Join Walt Ritscher for an in-depth discussion in this video Working with XAML Elements and Property Attributes, part of Silverlight 3 Essential Training.
I can state this with complete confidence. If you want to become a Silverlight developer, you need to learn how to read and comprehend XAML. There is no doubt in my mind that this is true. A natural place to start your journey to XAML mastery is by studying XAML elements and attributes. Before discussing elements, however, let me briefly comment on the rules of XML. XAML docs are really XML docs. Therefore, your XAML must follow all the standard rules of XML. There is really only a handful to learn. A XAML doc or XML doc is limited to a single root element.
In Silverlight, that is almost always a user control. The other normal XML rules are as follows. When you have attribute values, you must delimit those with a pair of matching items, like a matching pair of double quotes or matching pair of single quotes. You have to use proper tag closure. That means you open a tag, you close it with a matching tag with the Slash on the front or use the special one tag version of that. A XAML element maps to a single .NET class. Here is an example.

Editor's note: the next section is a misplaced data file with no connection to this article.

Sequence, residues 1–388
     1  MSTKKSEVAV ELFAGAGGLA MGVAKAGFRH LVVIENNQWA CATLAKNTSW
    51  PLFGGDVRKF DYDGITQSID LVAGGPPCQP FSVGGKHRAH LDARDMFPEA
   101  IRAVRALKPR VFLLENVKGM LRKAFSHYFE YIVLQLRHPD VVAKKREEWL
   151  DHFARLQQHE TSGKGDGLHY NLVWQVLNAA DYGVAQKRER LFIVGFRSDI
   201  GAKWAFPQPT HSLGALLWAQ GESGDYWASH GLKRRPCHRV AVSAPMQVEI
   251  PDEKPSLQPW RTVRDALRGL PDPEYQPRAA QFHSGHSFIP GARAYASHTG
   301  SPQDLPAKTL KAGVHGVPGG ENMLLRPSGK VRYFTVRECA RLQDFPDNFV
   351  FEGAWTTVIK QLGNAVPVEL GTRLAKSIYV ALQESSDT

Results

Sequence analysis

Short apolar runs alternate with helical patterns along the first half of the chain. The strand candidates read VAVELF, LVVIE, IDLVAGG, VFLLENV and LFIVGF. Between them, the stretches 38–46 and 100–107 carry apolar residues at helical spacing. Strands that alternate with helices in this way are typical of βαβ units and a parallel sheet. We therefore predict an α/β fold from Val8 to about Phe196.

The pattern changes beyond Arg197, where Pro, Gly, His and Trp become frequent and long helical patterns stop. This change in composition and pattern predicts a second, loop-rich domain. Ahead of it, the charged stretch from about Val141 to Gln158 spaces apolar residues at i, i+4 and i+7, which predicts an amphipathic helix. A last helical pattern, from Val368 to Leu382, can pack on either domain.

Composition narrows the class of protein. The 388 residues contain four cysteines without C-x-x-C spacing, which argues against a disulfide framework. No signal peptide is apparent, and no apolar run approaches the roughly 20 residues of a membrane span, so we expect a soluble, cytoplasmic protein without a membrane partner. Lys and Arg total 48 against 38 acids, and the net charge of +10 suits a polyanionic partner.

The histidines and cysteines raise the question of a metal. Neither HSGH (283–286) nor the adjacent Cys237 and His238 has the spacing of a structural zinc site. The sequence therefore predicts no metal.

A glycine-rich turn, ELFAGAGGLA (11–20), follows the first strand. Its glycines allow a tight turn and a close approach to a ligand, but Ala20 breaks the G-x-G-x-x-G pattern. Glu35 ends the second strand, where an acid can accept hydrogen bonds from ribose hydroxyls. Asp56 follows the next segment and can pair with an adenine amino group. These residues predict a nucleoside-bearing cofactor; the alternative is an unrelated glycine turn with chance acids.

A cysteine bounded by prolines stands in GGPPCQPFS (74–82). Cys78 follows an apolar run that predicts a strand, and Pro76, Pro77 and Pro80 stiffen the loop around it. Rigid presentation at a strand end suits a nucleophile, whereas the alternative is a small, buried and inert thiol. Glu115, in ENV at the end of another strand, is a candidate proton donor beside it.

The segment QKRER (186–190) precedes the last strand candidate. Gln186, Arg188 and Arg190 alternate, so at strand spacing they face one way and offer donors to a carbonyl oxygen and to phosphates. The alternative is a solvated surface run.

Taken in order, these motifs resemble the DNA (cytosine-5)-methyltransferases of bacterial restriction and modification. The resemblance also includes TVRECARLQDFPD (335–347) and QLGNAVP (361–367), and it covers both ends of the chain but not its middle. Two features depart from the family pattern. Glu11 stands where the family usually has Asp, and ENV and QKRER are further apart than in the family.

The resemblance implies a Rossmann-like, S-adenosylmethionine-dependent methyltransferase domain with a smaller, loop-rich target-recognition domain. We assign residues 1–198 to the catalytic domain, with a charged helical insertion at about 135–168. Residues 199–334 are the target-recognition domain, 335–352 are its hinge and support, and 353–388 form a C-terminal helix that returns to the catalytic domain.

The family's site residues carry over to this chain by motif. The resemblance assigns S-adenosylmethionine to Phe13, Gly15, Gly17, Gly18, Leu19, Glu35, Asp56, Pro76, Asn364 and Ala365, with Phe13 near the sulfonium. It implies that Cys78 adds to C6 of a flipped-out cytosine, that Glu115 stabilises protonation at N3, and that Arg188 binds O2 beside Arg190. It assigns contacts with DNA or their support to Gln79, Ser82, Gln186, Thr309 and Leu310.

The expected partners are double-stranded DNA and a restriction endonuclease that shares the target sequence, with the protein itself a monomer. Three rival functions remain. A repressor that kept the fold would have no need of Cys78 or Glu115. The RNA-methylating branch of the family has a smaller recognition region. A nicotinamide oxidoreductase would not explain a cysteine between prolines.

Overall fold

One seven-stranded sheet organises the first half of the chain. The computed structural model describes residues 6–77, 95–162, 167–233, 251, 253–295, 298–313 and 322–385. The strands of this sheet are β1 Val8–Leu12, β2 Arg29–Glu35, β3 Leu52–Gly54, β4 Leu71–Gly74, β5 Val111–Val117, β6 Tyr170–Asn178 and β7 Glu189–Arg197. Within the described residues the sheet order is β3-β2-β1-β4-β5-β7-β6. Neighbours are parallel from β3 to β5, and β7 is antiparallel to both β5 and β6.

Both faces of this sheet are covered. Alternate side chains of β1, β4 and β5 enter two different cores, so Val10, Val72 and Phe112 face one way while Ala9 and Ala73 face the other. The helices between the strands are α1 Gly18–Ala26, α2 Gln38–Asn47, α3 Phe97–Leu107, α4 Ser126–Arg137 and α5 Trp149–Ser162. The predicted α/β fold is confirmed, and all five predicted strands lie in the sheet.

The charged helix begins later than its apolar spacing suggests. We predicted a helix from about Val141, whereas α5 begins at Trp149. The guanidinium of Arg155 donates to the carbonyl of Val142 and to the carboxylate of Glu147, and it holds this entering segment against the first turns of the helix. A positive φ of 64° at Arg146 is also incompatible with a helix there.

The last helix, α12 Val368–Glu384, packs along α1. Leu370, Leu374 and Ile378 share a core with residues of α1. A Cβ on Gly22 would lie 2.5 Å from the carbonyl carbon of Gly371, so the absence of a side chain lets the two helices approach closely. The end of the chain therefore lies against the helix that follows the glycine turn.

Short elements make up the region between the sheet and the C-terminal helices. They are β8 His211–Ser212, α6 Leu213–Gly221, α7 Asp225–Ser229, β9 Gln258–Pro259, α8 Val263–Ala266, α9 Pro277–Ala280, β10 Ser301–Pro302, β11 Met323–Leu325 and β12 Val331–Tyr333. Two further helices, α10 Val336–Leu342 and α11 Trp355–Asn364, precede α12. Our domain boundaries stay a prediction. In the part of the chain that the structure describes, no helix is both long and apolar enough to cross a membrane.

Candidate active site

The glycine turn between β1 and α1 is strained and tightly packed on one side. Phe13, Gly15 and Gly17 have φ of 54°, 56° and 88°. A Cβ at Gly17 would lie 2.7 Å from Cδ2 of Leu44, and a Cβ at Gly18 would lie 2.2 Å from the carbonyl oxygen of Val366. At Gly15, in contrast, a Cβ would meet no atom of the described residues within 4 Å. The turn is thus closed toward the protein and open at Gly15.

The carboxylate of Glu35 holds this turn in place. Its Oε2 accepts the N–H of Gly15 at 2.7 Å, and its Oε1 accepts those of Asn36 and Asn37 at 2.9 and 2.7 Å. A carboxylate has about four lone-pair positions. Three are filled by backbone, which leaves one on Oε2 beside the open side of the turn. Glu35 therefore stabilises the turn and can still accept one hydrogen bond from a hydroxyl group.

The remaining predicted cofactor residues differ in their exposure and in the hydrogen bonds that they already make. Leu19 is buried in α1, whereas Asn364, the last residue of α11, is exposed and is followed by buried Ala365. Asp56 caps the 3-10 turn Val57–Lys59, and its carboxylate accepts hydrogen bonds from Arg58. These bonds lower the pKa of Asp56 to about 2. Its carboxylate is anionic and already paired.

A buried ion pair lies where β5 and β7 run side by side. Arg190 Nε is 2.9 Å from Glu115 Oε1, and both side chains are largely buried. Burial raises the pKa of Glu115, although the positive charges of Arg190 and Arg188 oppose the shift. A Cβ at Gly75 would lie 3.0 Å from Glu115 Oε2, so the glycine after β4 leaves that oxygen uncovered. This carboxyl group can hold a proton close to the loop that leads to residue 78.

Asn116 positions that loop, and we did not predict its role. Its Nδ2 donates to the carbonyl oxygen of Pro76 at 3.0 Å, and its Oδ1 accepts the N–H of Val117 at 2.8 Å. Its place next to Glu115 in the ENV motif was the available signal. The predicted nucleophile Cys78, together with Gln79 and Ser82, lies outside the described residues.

That class is called System.Windows.Controls.Button and you will create that in your XAML by doing angle brackets <Button> like this. Line 9, I am specifying that I want a button element. The equivalent C# code would be on line 27 in the code example Button b1 = new Button. The Content = "Save," that is a property assignment. I am assigning a value to a property in the Button class. So, the equivalent C# is on line 28, b1.Content = "Save".
The angle bracket <Button> is called an object element. Using that element in XAML is exactly the same as instantiating an instance of the Button class and calling the default parameterless constructor. XAML elements have several types of attributes. There is one called the Property attribute that corresponds to the object's property. Here is an example of how you would set that, Margin = "20". There is a property on a Button class called Margin and I'm assigning a thickness value of 20 to it.